South Okanagan landfill copes with mounting debt

Total revenue from the Campbell Mountain landfill is expected to come in $400,000 under its budget projection of $2.8 million this year

Reduced hours of operation and increased tipping fees are among the options being considered as the local landfill’s operator tries to bury a mounting financial deficit.

Total revenue from the Campbell Mountain landfill is expected to come in $400,000 under its budget projection of $2.8 million this year, a gap expected to grow to $700,000 next year if no action is taken.

The board of the Regional District of Okanagan-Similkameen, which operates the landfill, was last week told it should consider raising tipping fees and reducing hours of operation to better balance revenues and expenses. On Thursday afternoon, the board was expected to consider some hard numbers at its first budget session of the year.

Increasing tipping fees from $65 a tonne to $80 a tonne would raise an additional $368,000 annually, according to an analysis prepared by finance director Warren Everton. The $80 level is the break-even cost suggested by a report prepared last year that examined the site’s life expectancy. Everton also estimated that closing the site on Sundays year-round, rather than from December to February only, could save the RDOS an additional $110,000 annually.

When public works manager Doug French last week pitched that idea to an RDOS board committee, he noted reduced hours would likely lead to longer lineups at the scale house and could have other ramifications, such as an increased volume of waste being left out for residential curbside pickup.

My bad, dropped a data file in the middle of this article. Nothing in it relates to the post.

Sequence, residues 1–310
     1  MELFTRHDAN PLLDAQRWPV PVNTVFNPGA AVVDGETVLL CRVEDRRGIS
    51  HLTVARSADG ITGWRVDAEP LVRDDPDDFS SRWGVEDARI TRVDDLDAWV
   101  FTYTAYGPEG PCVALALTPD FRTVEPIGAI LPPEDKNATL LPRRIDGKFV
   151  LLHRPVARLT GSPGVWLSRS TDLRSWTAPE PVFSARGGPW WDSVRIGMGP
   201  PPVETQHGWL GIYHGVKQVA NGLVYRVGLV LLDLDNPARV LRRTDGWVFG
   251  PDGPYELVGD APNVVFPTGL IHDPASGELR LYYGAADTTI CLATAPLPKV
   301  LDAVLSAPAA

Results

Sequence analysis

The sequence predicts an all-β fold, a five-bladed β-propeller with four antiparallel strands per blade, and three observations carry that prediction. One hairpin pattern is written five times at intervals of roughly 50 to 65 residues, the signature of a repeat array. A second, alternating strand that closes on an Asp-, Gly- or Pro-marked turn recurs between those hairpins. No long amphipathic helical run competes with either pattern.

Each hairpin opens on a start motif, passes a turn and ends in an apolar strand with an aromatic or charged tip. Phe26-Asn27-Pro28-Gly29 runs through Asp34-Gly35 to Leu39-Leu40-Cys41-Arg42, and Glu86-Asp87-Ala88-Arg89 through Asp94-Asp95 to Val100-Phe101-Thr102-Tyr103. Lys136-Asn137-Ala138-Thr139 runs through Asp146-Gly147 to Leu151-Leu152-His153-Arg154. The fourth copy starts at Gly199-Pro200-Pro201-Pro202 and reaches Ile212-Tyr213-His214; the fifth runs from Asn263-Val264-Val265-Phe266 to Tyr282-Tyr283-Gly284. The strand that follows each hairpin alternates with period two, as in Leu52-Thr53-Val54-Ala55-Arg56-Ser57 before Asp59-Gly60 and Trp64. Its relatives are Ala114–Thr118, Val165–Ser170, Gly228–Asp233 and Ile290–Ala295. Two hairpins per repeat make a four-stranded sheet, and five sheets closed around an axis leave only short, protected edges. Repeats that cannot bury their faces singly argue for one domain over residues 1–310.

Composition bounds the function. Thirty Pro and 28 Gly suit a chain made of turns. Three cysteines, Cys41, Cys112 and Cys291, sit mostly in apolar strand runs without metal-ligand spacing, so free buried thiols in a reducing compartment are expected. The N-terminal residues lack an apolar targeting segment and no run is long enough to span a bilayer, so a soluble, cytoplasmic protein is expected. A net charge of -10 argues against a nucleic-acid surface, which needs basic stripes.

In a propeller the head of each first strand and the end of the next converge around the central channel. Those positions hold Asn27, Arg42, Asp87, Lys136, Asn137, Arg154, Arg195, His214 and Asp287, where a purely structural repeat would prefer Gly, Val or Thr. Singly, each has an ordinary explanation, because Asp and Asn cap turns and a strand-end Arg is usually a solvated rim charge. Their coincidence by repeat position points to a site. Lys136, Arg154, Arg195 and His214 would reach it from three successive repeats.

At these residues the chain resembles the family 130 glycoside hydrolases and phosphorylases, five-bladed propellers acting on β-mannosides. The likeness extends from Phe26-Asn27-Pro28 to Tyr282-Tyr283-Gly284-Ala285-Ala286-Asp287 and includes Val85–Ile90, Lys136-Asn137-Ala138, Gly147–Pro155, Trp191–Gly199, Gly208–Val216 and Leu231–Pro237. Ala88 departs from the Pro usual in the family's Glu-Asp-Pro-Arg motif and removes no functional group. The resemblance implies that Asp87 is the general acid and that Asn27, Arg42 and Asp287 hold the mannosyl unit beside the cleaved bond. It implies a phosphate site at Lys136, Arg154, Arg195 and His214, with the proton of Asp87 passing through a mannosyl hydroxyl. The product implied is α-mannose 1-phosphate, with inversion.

The budget analysis contained several other accounting measures that would net an additional $170,000 a year and trim the landfill’s projected operating deficit to $52,000, which could be covered by a “small taxation component.”

According to French’s report last week, the landfill’s finances have taken a beating as the amount of revenue-generating waste entering the site has decreased and the amount of recyclable material, most of which can’t be sold for profit, has increased.


In 2011, the site received 25,000 tonnes of waste material, down from 47,000 tonnes in 2003, the report explained. Meanwhile, the weight of recyclable material collected at the landfill increased from 4,900 tonnes in 2003 to 8,600 tonnes in 2011.



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